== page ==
BIOL 8003: Seminar, 1-0-1: Weekly seminars on current research presented by various scientists in the field of biology.

BIOL 8005: Signals in the Sea Seminar, 2-0-2: Students and invited authorities in the field will present seminars and lead discussions focused on currently emerging topics in aquatic chemical ecology and signaling.

BIOL 8106: Tools of Science Seminar, 2-0-2: This course addresses issues important to all successful scientists and engineers such as: research ethics; collaborations between industry, academics, and government; women and minorities in science; balancing research, teaching and service; writing, editing, and reviewing, presentations; job interviews; time management; speaking to the public and media; and scientific and university politics.

CETL 8000: Biology Graduate Teaching Assistantship Preparation, 1-0-1

 

The following are new courses recently developed by Georgia Tech Biology which are also available for course credit:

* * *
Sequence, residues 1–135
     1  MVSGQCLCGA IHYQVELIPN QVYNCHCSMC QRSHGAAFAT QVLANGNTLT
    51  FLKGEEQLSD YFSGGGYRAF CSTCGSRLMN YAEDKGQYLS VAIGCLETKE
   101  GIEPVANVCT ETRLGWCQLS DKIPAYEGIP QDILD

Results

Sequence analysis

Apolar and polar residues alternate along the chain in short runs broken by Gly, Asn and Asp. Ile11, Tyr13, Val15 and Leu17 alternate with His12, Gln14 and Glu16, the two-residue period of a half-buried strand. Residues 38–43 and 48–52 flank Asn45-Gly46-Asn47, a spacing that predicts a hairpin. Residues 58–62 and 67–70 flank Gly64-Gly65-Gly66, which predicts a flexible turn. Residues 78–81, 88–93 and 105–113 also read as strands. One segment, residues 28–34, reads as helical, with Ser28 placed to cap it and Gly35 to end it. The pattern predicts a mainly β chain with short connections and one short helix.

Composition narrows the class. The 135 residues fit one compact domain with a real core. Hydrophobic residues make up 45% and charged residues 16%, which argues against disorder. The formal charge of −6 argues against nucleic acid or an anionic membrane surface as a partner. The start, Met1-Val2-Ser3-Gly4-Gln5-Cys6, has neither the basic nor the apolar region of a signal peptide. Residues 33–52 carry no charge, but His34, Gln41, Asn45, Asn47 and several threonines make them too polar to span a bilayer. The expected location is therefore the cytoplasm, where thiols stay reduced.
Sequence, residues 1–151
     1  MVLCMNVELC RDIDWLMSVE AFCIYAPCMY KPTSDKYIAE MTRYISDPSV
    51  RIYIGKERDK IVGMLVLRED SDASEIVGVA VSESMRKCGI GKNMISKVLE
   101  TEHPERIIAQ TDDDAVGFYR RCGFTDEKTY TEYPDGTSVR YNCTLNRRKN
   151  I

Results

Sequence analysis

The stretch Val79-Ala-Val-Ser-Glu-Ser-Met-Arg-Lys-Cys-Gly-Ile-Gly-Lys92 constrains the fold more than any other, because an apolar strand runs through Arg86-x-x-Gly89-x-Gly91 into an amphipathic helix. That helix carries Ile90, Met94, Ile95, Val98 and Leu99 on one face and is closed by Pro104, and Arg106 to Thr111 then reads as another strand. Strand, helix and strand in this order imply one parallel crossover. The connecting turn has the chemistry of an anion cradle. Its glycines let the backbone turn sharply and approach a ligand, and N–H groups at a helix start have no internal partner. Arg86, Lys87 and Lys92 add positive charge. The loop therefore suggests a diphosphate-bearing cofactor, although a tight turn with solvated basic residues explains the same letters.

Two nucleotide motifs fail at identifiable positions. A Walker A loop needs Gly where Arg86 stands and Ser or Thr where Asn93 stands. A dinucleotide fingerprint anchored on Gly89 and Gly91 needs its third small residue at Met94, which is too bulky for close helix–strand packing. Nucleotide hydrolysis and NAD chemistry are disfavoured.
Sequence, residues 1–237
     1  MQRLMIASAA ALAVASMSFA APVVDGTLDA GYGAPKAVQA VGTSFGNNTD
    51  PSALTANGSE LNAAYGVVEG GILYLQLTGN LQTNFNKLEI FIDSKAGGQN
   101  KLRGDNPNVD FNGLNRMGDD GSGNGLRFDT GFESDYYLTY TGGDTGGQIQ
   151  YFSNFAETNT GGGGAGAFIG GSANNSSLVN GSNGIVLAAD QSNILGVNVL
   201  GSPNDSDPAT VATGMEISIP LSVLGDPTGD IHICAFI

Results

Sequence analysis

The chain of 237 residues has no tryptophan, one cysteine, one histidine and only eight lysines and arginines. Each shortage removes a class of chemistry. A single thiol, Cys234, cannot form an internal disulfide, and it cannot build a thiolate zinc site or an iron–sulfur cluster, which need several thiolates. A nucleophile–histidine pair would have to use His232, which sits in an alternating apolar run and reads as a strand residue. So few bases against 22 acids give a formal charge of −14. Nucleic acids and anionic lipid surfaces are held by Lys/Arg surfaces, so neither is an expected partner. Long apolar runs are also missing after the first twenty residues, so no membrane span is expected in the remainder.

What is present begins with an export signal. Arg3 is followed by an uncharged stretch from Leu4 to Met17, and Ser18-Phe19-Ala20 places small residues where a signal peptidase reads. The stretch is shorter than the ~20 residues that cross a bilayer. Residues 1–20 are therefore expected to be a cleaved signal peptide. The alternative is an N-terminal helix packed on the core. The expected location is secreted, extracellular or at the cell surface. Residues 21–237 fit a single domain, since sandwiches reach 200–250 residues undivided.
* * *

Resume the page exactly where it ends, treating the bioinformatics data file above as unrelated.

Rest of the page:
BIOL 8802: Special Topics: Evolutionary Development Biology, 2-0-2

BIOL 8802: Special Topics: Programming for Bioinformatics, 2-0-2

BIOL 8802: Special Topics: Quantitative Genetics, 2-0-2

BIOL 8802: Special Topics: Regulatory RNAs, 2-0-2

BIOL 8802: Special Topics: Topics in Community Ecology, 2-0-2

BIOL 8802: Special Topics: Experimental Genomics, 2-0-2

BIOL 8802: Special Topics: Graduate Seminar in Ecology & Evolution, 2-0-2

BIOL 8802: Special Topics: Entrepreneurship in the Life Sciences, 2-0-2

BIOL 8803: Special Topics: Mathematical Biology, 3-0-3

BIOL 8803: Special Topics: Introduction to Bioinformatics & Genomics, 3-0-3

BIOL 8803: Special Topics: Computational Genomics, 3-0-3

BIOL 8803: Special Topics: Population Biology, 3-0-3

BIOL 8803: Special Topics: Methods in Molecular Biophysics, 3-0-3

BIOL 8803: Special Topics: Protein Biology, 3-0-3

BIOL 8803: Special Topics: Computational Systems Biology, 3-0-3

BIOL 8803: Special Topics: Membrane Biology, 3-0-3

BIOL 8803: Special Topics: Evolutionary & Synthetic Biology, 3-0-3

BIOL 8803: Special Topics: Drug Discovery, 3-0-3

In addition to the graduate courses above, graduate students may enroll in a limited number of undergraduate courses and courses from other Schools towards their graduate degree (see Graduate Handbook for more information on allowable limits). Please see the Georgia Tech catalog for information on undergraduate courses.